4. Place in drying rack to dry.

Corresponding Standards
National Standards

  • Content Standard 1: Understanding and applying media, techniques, and processes.
  • Content Standard 2: Using knowledge of structures and functions.
  • Content Standard 3: Choosing and evaluating a range of subject matter, symbols, and ideas.
  • Content Standard 4: Understanding the visual arts in relation to history and cultures.
  • Content Standard 5: Reflecting upon and assessing the characteristics and merits of their work and the work of others.

New Hampshire Standards

  • Standard 1: Apply appropriate media, techniques, and processes.
  • Standard 2: Identify and apply the elements of visual art and principles of design.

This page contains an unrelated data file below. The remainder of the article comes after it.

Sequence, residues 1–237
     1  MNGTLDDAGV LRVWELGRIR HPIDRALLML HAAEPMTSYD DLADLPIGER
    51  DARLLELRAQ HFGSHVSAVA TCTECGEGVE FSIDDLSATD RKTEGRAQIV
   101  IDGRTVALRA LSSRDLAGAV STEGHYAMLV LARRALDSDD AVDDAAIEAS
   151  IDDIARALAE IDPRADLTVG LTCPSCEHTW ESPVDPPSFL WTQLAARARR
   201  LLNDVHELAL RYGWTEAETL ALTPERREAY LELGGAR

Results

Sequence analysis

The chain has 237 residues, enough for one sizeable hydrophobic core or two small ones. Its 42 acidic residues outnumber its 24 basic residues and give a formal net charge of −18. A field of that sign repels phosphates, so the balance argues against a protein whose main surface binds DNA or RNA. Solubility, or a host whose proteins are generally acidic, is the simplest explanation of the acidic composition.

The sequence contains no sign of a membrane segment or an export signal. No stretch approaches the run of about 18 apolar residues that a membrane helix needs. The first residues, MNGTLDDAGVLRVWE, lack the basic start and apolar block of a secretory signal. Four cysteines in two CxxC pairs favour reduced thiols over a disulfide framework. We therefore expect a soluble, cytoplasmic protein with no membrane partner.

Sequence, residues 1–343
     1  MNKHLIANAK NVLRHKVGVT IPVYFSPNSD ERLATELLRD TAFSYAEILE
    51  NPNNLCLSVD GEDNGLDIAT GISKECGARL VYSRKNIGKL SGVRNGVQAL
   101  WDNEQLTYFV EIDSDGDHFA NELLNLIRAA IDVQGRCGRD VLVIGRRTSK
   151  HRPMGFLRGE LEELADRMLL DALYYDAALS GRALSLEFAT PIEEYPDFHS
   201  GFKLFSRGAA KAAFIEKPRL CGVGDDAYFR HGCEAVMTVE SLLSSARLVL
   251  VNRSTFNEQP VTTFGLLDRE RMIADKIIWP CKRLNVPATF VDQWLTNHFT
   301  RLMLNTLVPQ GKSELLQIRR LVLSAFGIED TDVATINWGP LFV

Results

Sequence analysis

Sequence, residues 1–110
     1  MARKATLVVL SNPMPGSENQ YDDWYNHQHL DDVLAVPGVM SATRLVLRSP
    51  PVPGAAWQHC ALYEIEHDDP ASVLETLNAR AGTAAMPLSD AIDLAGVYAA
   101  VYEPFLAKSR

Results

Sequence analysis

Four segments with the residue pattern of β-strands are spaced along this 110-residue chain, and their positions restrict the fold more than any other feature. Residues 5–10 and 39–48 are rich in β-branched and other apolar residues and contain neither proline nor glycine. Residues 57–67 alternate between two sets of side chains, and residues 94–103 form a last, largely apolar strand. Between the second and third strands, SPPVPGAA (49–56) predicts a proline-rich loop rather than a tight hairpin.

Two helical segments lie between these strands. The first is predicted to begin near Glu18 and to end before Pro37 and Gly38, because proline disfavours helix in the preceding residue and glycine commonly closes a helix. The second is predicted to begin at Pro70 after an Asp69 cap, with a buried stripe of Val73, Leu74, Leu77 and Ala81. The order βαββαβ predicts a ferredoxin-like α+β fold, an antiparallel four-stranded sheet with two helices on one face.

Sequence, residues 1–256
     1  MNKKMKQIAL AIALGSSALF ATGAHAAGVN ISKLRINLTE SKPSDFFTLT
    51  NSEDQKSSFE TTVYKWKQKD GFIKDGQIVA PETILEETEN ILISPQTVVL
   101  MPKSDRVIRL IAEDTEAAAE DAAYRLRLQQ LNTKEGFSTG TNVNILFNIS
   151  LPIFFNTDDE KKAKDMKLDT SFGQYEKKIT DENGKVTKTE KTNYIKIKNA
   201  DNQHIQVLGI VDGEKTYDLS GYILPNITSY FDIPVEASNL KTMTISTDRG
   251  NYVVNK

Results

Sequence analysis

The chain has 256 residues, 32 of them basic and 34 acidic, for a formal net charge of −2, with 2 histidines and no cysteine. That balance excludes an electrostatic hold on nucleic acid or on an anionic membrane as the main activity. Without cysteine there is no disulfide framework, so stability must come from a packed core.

• Standard 3: Select and apply a range of subject matter, symbols and ideas.
  • Standard 4: Analyze the visual arts in relation to history and culture.
  • Standard 5: Analyze, interpret and evaluate their own and others’ work.
  • Standard 7: Understand the range of careers in the field of visual arts and identify careers associated with this field.

Assessment

  1. Did the student create a Zorach inspired painting?
  2. Did the student use media correctly?
  3. Did the student demonstrate an understanding of Zorach’s painting technique in the outlining of the hills?
  4. Did the student mix shades and tints to create new greens and browns?

New Vocabulary Words
A tint is made by taking white and adding a small amount of color.  The more color added, the stronger the tint.
A shade is made by adding black to a color.
Foreground – the part of a scene or picture that is nearest to and in front of the viewer.